According to a 2016 review in Emerging Infectious Diseases, as many as 43% of acute HIV infections are entirely asymptomatic .ï»¿ï»¿ï»¿
Less commonly, some people may develop atypical symptoms of HIV soon after exposure, some of which may be serious. These include tonsillitis, meningitis, herpes zoster , gastric bleeding, and esophageal thrush.
What Should I Do If I Come Into Contact With Blood Or Body Fluids
If you come into contact with blood or body fluids, always treat them as potentially infectious. If you prick yourself with a used needle, hold the affected limb down low to get it to bleed. Do not squeeze the wound or soak it in bleach. Wash the area with warm water and soap.
If you are splashed with blood or body fluids and your skin has an open wound, healing sore, or scratch, wash the area well with soap and water. If you are splashed in the eyes, nose or mouth, rinse well with water. If you have been bitten, wash the wound with soap and water.
If you are sexually assaulted, go to the hospital emergency department as soon as possible. Reporting the incident immediately after a sexual assault can help to ensure that as much evidence as possible is obtained. For more information about sexual assault and to learn what support services are available, visit JusticeBC at www2.gov.bc.ca/gov/content/justice/criminal-justice/bcs-criminal-justice-system/reporting-a-crime/what-is-a-crime/crime-examples/sexual-assault.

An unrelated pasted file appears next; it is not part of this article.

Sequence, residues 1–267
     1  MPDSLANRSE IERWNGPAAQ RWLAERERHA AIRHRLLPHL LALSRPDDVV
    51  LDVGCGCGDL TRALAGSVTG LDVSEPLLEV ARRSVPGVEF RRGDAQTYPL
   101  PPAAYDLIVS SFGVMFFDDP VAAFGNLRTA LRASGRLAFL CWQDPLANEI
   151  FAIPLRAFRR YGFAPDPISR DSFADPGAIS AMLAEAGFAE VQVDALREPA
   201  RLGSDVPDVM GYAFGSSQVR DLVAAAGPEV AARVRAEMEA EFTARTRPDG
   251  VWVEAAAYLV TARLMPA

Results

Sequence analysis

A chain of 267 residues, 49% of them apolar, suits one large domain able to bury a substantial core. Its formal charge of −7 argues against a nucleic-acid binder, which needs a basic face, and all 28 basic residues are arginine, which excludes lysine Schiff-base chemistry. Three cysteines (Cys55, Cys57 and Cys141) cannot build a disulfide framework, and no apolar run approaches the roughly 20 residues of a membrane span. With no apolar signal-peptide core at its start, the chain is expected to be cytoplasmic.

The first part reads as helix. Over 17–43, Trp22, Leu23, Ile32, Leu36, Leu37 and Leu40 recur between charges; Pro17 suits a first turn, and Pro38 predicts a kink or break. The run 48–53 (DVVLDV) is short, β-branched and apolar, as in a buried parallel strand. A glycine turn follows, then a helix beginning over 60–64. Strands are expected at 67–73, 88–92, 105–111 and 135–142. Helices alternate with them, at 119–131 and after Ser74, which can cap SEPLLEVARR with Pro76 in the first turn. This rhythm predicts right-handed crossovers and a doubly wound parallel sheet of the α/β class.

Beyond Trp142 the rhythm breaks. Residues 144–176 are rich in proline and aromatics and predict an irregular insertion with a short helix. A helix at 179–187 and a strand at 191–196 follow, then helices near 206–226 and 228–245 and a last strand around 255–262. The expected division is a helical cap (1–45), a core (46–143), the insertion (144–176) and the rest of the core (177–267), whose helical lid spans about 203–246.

If you have come into contact with blood or body fluids in any of the ways described above, you may need treatment as soon as possible to protect against infection. It is important that you are assessed as soon as possible after the contact.
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Contaminated Blood Transfusions And Organ/tissue Transplants
- receiving blood transfusions, blood products, or organ/tissue transplants that are contaminated with HIV. This risk is extremely small because most countries test blood products for HIV first.